Balfron Tower, Bow Arts and the Missing Millions

It is now three years to the day since publicly funded
“charity” Bow Arts evicted me from my home and studio in Balfron
Tower, sabotaged my residency at UCL and subsequently went on to try and evict
me from my new studio at Acava, sent press releases defaming my character with the
intent to stop me from working or talking about my art practice to anyone who
would employ me, including major Universities, and encouraged other artists,
who will remain nameless for the time being, to help to sabotage my career in
exchange for favours from bow arts (all fully documented).

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Why did they do
this? Because I found evidence against them that they had been illegally making
themselves charitable “donations” from artists rents, and then funnelling
it through illegal tax evasion schemes, and I questioned them about it. Instead of helping artists, in the ways they write about in their glossy PR when claiming the £400k given to them by Arts
Council England in 2013, bow arts were acting like ruthless slumlords and were failing to provide even basic support for artists. I am simply not prepared to “give” these
crooks a ¬£2k “donation” per year, when they had actively worked
against me and done nothing at all for me other than simply being my landlord,
and a shit one at that. Using artists to socially cleanse Balfron Tower to
dismantle its working class community so that the flats could be sold off to
rich investors is not something I am prepared to remain silent about, nor shall
I. My work with so many of the towers residents allowed me to witness first
hand a ruthless process of artwash and social cleansing that nobody with a
conscience could remain silent about, yet where those that do speak out are
bullied, marginalised, criminalised and attacked.

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Despite the
overwhelming dossier of evidence I gathered against bow arts, described by one
Crown Court judge as “high-end litigation”, bow arts continue to
operate in the same nasty manner, and attempts to have them held accountable
for their criminal actions and revenge evictions, have so far resulted in
nothing but cover-ups. This included cover-ups after I followed all the
official complaints procedures, in addition to the charities commission, HMRC
& the police. An estimated £2 million was illegally stolen from artists by
bow arts between 2011 & 2014. The money they stole from me and subsequent
revenge eviction, including the retention of my £720 tenancy deposit, saw me
remain homeless for over two years after my eviction, including living in my
car and then a squat with no power or water, where I was subsequently
hospitalised. Welcome to the friendly face of charity in the UK, in bed with
property developers and social cleansers, raising money from working class
communities through lottery sales, only to use the proceeds to fund the
dismantlement of the very same communities. Apparently they call it
‚Äúsocially-engaged art‚ÄĚ.

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I, along with a
number of others from Balfron Tower have been working with a journalist to
expose the widespread corruption at Bow Arts since May 2016 and they are now under formal
investigation by the government’s fundraising regulator for charity tax fraud
and tax evasion, an investigation that has been ongoing since June 2016. Once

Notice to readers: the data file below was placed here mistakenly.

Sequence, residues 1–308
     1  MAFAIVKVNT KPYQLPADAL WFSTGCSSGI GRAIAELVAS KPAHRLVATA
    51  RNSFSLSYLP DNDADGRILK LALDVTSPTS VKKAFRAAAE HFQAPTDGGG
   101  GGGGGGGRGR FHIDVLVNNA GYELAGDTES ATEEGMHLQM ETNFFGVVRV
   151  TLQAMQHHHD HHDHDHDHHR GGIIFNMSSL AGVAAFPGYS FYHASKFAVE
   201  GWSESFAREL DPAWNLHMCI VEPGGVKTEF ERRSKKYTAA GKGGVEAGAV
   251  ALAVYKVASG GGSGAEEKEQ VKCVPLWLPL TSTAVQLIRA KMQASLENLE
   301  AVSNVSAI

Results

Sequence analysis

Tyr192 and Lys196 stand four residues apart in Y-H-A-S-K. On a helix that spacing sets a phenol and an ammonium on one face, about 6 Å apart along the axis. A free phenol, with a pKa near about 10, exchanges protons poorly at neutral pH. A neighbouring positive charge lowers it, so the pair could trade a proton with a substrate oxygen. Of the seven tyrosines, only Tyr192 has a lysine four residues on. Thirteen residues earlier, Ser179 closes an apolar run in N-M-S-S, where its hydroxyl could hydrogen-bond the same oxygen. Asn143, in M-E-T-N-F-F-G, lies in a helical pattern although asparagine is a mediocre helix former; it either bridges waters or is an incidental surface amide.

the government regulator rules, all artists that have made bow arts any
“charitable donation‚ÄĚ, should be able to claim this money back, regardless
of whether they signed the waiver that bow arts forced many artists to sign in
2015, to try to cover up the fraud and (illegally) waive them of their criminal
actions.

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I maintain the same
demands I had when bow arts evicted me in 2014 and attempted to destroy my
career that they did absolutely nothing to assist with: that the directors of bow
arts, Marcel Baettig and Michael Cubey, be held personally accountable for the
fraud that they oversaw, sanctioned, and tried to conceal; be sacked and face
prosecution for tax fraud and tax evasion, and face subsequent bans from
holding directorships of any charities. I also demand that bow arts be
restructured to include a minimum of 50% artists on the board of trustees,
instead of 0%, as they seem to prefer.

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I now understand
that my current studio landlord, Acava, are proposing to join forces with bow
arts to host open studios in June this year. I am 100% opposed to any
collaboration with bow arts, under any circumstances. It is not acceptable to
force those of us who choose to have a social conscience to work with such a questionable organisation which can
only bring their bad reputation down upon all of us. I will be
extremely vocal about any forced co-operation with bow arts through my studio
providers potential imposition that we work with these thieves and
charlatans. 

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It’s time that
those in the art world stop using artists as pawns for property developers. We
will no longer stand by silently as corrupt organisations like bow arts co-opt
artists to artwash the dismantlement of entire working class communities so
their homes can be redeveloped for the rich.

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All images are from Inversion/Reflection: Turning Balfron Tower Inside Out by Rab Harling

Rab Harling

for

Balfron Social Club

11 February 2017

If only Balfron Tower could talk, if only we could see

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Balfron Tower (pic: @balfronsocial)

 

If only Balfron Tower could talk, if only we could see